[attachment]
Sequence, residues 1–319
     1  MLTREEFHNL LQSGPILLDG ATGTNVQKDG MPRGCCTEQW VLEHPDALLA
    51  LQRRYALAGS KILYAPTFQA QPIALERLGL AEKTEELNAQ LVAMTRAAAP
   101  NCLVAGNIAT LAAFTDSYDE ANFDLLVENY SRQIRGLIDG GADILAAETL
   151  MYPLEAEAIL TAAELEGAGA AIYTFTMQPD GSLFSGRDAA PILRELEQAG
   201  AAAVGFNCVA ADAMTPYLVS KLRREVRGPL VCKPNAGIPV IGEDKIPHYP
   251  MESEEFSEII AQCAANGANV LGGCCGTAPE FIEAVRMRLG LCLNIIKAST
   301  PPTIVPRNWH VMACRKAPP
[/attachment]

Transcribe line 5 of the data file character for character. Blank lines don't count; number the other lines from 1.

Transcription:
   151  MYPLEAEAIL TAAELEGAGA AIYTFTMQPD GSLFSGRDAA PILRELEQAG